Reply To: What Are Your Misophonia Trigger Sounds? [CONTAINS TRIGGERS]

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Misophonia has been a part of my life for as long as I can remember. It put a wedge between my core family and myself as they could not understand how painful and upsetting their sounds were to me. Many times my mother would get mad at me for showing disgust or my brother would enhance the sounds to deepen the wounds these sounds caused. My father would simply laugh in my face. I learned to avoid everyone and never…ever let on that a sound bothered me. I learned to disassociate during meal times as a child.
My Trigger List
nose whistle or hiss
Close breathing
Slurping foods
Smacking lips
Licking of any kind by any creature
Sticky spit sound
The sound of the air in a persons mouth when they put a chip into their mouth and are about to crunch into it (weird I know)
Anything cracking or crackling including a fire
Clicking sounds
NAILS CLACKING ON A TABLE!!! (even the word clacking)
High Heels
Fat thighs in pantyhose rubbing together when a person walks
Any clothing sounds at all
Paper tearing
Sucking teeth
some keyboards
the sound of a plastic straw going in and out of a plastic lid
Straws sucking the last drop of something
Accents with my area accent being the most annoying

When I was a child I would react to hearing someone with a thick accent by becoming embarrassed even if the person talking wasn’t a part of the group I was in or talking to me or someone with me. Over the years this embarrassed reaction continued but now includes anger and a judgment about the persons intelligence. I try hard to deal with this, but instead found isolation to be safest. I kept my feelings to myself and never shared this part with anyone. What shocked me was overhearing 2 of my children talking about how much they loathed to hear accents. These same two children (Male and Female) also have misophonia. My daughter and her husband were chatting with my husband and myself exchanging stories. My daughter related a story of when her husband began eating a bowl of cereal next to her on the couch. She turned and looked at him like she wanted to kill him. My son in law said he got up and left the room to eat his cereal.My husband laughed and said he knew the exact look and does the same thing. It helped a lot to joke about it with people who got it and people who had empathy for my issues with sound. A last note is my son’s problem extends to the written word as well as audio sounds. He explained that he experiences the same type of anger over certain phrases being written as he does with someone smacking a piece of gum.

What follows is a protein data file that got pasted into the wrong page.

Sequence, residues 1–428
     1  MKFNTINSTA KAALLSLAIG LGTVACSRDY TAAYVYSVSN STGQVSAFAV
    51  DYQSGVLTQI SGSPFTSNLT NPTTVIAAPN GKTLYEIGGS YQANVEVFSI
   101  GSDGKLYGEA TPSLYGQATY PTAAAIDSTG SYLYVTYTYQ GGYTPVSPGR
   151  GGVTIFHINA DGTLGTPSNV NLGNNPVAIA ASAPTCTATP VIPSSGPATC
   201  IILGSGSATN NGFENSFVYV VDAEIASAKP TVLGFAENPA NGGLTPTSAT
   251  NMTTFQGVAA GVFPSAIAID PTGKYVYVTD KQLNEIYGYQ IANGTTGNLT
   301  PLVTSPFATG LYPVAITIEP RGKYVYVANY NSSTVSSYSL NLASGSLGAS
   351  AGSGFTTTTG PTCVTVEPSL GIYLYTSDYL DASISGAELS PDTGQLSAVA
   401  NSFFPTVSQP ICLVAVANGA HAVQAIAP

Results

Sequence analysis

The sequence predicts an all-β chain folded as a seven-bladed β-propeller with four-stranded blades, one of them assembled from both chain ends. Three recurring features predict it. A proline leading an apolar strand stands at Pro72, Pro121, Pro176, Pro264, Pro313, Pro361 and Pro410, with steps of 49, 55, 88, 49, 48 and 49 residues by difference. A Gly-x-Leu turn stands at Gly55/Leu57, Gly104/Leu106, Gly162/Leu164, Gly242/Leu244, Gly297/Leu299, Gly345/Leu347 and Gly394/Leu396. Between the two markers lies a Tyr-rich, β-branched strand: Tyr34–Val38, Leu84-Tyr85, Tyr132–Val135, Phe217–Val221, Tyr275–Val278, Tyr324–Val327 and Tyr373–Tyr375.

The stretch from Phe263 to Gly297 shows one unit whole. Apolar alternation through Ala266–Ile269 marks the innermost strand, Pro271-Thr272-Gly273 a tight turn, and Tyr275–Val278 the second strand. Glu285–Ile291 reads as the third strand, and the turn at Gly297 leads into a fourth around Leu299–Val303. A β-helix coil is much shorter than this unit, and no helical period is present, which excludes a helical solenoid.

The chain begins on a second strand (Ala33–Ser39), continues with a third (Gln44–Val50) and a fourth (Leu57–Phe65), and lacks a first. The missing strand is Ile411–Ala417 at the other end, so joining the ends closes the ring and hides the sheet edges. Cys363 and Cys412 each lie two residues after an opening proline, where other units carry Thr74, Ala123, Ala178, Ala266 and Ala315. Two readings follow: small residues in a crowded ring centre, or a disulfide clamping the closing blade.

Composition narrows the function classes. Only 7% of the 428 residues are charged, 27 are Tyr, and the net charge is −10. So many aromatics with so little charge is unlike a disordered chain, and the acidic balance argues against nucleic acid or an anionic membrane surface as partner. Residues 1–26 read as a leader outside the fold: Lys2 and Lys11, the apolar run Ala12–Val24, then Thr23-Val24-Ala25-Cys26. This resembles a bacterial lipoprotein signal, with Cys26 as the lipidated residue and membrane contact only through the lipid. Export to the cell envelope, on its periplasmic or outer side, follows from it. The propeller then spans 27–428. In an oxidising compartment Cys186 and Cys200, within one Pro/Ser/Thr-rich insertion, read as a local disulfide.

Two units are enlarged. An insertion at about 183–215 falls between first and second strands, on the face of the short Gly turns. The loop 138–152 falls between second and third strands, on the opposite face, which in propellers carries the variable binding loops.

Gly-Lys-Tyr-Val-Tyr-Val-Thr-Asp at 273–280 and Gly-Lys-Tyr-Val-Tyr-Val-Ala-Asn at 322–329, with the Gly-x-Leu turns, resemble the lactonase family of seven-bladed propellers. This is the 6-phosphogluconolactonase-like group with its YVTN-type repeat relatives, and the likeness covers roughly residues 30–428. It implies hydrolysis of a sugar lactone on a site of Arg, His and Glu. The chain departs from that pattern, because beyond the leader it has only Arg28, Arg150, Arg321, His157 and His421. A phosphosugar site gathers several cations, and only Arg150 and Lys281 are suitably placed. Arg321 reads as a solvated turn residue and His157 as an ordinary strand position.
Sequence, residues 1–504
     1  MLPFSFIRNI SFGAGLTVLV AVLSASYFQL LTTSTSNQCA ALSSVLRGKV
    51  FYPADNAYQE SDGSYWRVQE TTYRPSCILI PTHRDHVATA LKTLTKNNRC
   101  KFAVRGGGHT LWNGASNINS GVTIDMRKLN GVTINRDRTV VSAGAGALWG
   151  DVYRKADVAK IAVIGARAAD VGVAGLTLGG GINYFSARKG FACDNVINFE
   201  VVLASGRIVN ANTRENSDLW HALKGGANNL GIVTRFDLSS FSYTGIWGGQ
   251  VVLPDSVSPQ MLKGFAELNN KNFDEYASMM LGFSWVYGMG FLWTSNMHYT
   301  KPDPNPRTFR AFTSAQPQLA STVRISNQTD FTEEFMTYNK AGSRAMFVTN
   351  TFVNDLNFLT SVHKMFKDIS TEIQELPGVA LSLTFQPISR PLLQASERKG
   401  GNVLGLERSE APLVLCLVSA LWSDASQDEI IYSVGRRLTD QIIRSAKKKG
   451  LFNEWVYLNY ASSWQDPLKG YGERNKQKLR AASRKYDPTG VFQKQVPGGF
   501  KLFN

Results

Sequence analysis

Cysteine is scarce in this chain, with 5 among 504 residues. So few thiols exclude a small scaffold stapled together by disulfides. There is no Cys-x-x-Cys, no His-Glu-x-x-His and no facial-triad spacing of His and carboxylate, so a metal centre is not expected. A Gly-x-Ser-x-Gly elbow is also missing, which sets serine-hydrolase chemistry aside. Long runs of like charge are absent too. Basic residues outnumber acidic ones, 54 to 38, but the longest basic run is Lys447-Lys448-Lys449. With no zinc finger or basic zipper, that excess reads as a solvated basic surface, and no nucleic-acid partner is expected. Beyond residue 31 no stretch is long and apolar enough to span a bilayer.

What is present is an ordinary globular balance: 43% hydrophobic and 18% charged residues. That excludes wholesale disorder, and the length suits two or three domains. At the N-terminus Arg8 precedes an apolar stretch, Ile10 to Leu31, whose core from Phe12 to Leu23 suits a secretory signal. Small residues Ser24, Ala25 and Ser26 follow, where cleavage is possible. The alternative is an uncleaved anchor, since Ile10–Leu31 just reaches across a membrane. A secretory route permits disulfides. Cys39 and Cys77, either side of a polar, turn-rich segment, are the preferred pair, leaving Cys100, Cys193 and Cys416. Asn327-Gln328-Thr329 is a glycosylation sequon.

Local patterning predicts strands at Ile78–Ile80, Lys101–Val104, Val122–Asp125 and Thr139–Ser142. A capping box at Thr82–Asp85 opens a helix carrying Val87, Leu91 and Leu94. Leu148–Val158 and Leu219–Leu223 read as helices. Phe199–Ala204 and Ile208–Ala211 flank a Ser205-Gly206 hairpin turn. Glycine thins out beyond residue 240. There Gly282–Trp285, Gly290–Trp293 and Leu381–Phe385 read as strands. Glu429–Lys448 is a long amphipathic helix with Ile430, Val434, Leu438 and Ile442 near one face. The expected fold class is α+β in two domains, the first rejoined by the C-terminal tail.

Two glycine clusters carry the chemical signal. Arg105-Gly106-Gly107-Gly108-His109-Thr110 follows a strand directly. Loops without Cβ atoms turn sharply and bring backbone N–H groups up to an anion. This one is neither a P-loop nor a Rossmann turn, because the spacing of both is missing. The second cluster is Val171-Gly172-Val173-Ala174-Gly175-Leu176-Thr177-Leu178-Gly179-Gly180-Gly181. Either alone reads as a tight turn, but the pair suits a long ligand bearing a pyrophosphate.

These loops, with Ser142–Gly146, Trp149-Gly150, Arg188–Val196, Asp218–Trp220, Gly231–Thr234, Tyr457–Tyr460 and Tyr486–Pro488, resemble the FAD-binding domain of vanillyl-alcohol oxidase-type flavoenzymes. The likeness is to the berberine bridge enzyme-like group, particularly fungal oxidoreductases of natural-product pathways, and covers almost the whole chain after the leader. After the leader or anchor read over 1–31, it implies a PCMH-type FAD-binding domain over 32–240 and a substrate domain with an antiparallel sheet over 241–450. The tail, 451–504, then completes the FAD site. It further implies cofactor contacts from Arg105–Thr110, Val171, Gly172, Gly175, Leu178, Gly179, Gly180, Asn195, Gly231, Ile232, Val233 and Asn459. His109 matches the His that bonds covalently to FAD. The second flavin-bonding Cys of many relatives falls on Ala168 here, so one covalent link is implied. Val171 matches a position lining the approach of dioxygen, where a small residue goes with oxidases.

My reactions to trigger sounds is anger. In my mind I feel disgust, rage, contempt….I resist striking out to hurt the person causing the sound because I know I am the one with the issue (according to society). I’m not interested in going through desensitization or management treatments… isolation works best for me.